I want to start off by saying that I have been an advocate of saltwater pools my whole life. And the product has been a profitable one for my business. But I’m starting to wonder where the fizz went as I run into more and more skeptical customers. Ever since I was a kid hanging out at the Jersey Shore, I became aware of what happens to the human body and metals when they come in contact with saltwater. My back would dry out and tingle for hours, my sneaker eyelets would start to rust; I didn’t need a book or a chemistry lesson to tell me the benefits and disadvantages of salt, I could see them and feel them. But since moving to the West Coast last year, I’m noticing a shift in perception. What was once the new and innovative way to save your clients money and cut back on production of chemicals now seems to have lost its luster, pushed aside by newer and more innovative sanitation and oxidation methods that are less abrasive and easier to use. What once seemed poised to become the standard of the industry now seems to have acquired some negative connotations. It seems like every time I bring it up to clients in SoCal, it’s like I’ve said a dirty word. “Oh, no. My son told me about salt and how by next year I’m going to need all new parts for the heater. It isn’t worth it.” When did salt become a bad word?

Return on Investment

Like most products, the salt discussion has always been about return on investment. You’re paying for the cell and the salt upfront, and you want the thing to end up making you a little bit of money on your chlorine bill. Which depends to some extent on geography. Years ago, when salt chlorine generators were more expensive, I figured they only made sense in the extended pool seasons of the South. When you are using chemicals for 12 months out of the year as opposed to only four or five months, the saltwater pool makes sense. In Florida, that initial investment your client makes will only take a few short years to pay for itself. But in the fleeting summers of the Northlands, that same ROI may take up to 10 years. Why even bother? As time went on, more manufacturers got into the game. The costs for salt systems dropped and salt began to make more sense at higher latitudes, finally reaching mine in New Jersey. I brushed up on my chlorine generation pitch and pushed, pushed, pushed those sales. It was an easy transaction, as all of my clients had heard of saltwater pools. I only had to explain to them that just because we were now adding salt, that didn’t mean we were “chlorine free.” My clients didn’t care; they lined up the moment we started selling. Little did I know I was causing myself a fair amount of grief. It quickly became apparent that the industry had not been manufacturing their heaters, pumps and filters with the salt chlorine pools in mind. The salt corrosion problem wasn’t quite so noticeable in my area due to New Jersey’s harsh winters, which cut short the lifespans of pool equipment anyway. Most of my customers were used to the concept of equipment replacement. Later, when I moved to California, I began to see another angle — how salt systems figure in the service business model on opposite coasts. When billing in New Jersey, everything was itemized, including chemicals. We charged for everything we put in that pool, and those chemicals were our biggest markup. But when I moved to L.A., I quickly realized that companies were charging an overall fee for pool service and giving away the chemicals for free. Free to the homeowner, that is; the cost of chemicals comes out of the company’s own pocket. Either way is fine, but it has an impact. As a pool consultant who practices preventative maintenance on all of my accounts, I’ve noticed the words “want” and “need” start to change when the cost of chemicals is coming out of the company’s pocket instead of the homeowner’s. Instead of, “How much do I need to put into this pool to get it into its ideal range?” it’s “What is the least amount of chemical I can put into this pool to keep it from going green?” But more to the point about salt systems — a salt chlorine generator on a West Coast all-inclusive service package is saving the pool guy money, as the chlorine it generates is chlorine the service guy doesn’t have to pay for.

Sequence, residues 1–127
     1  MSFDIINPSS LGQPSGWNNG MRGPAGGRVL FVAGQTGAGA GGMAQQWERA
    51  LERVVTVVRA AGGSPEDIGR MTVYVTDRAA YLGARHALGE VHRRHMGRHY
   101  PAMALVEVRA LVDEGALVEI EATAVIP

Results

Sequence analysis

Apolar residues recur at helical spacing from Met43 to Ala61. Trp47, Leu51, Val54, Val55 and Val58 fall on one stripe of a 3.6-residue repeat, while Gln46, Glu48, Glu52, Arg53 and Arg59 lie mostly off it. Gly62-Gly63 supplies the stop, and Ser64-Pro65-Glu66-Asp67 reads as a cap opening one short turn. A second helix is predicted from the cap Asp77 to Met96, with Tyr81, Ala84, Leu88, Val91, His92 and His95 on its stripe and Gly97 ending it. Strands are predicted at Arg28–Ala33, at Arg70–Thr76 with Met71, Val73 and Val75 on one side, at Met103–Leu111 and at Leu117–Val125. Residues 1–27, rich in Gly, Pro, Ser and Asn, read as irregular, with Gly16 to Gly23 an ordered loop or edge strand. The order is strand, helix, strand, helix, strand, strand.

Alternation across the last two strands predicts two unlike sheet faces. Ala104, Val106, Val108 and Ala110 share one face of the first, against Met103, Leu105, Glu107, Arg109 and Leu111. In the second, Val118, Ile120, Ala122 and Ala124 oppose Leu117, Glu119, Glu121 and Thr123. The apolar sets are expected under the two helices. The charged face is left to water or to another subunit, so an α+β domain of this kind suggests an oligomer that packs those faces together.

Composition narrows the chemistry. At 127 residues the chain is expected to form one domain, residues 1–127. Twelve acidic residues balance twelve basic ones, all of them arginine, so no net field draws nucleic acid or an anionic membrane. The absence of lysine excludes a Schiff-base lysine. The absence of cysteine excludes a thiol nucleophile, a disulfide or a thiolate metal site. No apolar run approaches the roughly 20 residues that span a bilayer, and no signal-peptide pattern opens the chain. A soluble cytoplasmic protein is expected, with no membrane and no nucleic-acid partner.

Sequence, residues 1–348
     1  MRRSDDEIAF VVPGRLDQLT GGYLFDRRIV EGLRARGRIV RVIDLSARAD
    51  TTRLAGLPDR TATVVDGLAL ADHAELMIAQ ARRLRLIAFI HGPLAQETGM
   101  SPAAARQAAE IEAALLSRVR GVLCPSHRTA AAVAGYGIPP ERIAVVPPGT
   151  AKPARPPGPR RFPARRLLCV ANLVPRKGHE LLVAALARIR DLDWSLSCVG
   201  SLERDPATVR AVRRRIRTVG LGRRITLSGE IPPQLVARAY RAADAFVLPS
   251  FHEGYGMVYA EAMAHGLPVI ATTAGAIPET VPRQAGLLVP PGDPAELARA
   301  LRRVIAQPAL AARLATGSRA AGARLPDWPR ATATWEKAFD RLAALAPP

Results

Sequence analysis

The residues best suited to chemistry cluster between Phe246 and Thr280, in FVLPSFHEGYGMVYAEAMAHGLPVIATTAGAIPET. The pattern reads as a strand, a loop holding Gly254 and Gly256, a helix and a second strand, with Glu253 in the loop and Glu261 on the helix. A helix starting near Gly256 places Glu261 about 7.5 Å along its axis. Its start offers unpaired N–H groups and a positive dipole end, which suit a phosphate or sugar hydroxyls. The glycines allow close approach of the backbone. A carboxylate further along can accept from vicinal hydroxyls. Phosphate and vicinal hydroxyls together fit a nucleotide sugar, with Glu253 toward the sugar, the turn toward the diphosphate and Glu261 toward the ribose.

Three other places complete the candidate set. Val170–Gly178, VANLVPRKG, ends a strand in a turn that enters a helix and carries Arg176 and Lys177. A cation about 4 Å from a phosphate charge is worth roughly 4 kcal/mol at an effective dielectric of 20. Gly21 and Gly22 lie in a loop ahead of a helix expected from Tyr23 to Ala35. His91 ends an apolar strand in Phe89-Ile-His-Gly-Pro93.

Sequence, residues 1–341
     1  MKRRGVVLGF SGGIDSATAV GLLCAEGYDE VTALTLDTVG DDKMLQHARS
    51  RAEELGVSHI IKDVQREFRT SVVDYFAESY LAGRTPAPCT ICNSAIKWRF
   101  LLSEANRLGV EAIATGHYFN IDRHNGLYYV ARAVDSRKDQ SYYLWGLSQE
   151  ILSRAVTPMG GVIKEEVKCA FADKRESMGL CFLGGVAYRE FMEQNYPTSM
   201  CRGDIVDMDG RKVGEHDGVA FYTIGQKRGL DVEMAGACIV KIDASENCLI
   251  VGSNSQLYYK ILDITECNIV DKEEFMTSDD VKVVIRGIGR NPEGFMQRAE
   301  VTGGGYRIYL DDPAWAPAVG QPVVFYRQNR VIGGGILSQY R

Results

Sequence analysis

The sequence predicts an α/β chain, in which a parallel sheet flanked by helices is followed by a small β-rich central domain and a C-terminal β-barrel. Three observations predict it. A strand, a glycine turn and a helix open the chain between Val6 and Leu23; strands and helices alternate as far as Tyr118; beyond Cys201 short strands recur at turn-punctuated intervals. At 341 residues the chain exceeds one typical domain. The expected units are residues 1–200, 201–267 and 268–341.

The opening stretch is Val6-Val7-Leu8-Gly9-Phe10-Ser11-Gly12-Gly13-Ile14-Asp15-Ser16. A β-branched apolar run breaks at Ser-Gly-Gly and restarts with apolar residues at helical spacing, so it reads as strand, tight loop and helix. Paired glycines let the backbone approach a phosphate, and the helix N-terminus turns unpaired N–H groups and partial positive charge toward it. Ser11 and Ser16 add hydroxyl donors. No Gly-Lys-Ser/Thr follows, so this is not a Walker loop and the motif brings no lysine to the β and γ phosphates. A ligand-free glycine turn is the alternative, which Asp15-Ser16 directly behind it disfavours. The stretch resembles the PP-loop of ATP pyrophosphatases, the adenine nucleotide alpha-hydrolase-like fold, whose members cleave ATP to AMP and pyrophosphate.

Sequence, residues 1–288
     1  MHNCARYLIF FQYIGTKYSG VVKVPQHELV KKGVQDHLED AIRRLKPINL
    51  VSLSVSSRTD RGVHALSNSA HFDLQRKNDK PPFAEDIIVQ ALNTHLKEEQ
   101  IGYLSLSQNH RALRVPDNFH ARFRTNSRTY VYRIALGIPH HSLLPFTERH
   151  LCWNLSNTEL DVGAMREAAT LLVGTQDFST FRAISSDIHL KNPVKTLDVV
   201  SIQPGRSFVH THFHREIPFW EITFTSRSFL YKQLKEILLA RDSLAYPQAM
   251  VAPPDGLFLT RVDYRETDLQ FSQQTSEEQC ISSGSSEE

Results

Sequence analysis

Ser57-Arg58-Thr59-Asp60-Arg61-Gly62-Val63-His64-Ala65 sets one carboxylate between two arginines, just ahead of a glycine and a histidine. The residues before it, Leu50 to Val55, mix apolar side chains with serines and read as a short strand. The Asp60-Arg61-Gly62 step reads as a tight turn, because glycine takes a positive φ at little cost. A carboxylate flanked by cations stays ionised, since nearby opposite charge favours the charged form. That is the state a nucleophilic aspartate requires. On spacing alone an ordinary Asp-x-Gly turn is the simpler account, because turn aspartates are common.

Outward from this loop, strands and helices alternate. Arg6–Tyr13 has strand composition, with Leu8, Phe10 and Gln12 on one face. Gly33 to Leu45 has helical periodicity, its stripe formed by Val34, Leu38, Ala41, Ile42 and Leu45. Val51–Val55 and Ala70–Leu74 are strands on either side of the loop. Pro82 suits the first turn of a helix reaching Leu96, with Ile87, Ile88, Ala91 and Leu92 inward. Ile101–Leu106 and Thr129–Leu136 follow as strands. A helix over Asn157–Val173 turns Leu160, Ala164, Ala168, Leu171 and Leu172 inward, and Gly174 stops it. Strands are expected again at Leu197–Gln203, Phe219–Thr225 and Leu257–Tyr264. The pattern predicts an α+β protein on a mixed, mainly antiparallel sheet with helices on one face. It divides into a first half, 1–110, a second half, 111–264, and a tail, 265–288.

Resistance

I know things are changing in this industry, and although I know the salt chlorine generator was invented decades ago and has been a top selling piece of pool equipment for many years, customers are still trying to judge whether the benefits are worth it. Just for myself, working here in Southern California, I’d love to sell salt and not have to keep buying chemicals with my own money. But I’m running into some resistance.

Steve Sherwood

Sherwood Pool Consulting Group